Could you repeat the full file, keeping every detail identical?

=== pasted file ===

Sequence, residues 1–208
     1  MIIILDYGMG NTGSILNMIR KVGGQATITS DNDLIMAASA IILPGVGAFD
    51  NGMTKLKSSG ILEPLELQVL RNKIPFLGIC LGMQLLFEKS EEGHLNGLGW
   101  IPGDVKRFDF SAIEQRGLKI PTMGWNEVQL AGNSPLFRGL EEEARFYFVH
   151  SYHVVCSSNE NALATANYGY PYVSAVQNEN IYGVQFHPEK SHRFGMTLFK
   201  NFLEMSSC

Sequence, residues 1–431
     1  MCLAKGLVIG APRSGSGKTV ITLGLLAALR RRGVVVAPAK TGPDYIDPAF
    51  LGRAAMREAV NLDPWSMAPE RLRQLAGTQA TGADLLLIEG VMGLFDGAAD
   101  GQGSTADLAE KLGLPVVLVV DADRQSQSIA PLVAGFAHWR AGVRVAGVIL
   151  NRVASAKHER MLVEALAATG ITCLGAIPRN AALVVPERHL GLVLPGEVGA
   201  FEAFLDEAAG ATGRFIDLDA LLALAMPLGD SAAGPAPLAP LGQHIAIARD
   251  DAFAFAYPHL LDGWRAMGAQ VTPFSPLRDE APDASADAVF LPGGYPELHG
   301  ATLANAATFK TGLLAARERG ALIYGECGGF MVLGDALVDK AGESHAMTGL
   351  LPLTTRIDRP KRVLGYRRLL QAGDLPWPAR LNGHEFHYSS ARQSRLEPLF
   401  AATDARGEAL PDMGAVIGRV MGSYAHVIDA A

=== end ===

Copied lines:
Sequence, residues 1–208
     1  MIIILDYGMG NTGSILNMIR KVGGQATITS DNDLIMAASA IILPGVGAFD
    51  NGMTKLKSSG ILEPLELQVL RNKIPFLGIC LGMQLLFEKS EEGHLNGLGW
   101  IPGDVKRFDF SAIEQRGLKI PTMGWNEVQL AGNSPLFRGL EEEARFYFVH
   151  SYHVVCSSNE NALATANYGY PYVSAVQNEN IYGVQFHPEK SHRFGMTLFK
   201  NFLEMSSC

Sequence, residues 1–431
     1  MCLAKGLVIG APRSGSGKTV ITLGLLAALR RRGVVVAPAK TGPDYIDPAF
    51  LGRAAMREAV NLDPWSMAPE RLRQLAGTQA TGADLLLIEG VMGLFDGAAD
   101  GQGSTADLAE KLGLPVVLVV DADRQSQSIA PLVAGFAHWR AGVRVAGVIL
   151  NRVASAKHER MLVEALAATG ITCLGAIPRN AALVVPERHL GLVLPGEVGA
   201  FEAFLDEAAG ATGRFIDLDA LLALAMPLGD SAAGPAPLAP LGQHIAIARD
   251  DAFAFAYPHL LDGWRAMGAQ VTPFSPLRDE APDASADAVF LPGGYPELHG
   301  ATLANAATFK TGLLAARERG ALIYGECGGF MVLGDALVDK AGESHAMTGL
   351  LPLTTRIDRP KRVLGYRRLL QAGDLPWPAR LNGHEFHYSS ARQSRLEPLF
   401  AATDARGEAL PDMGAVIGRV MGSYAHVIDA A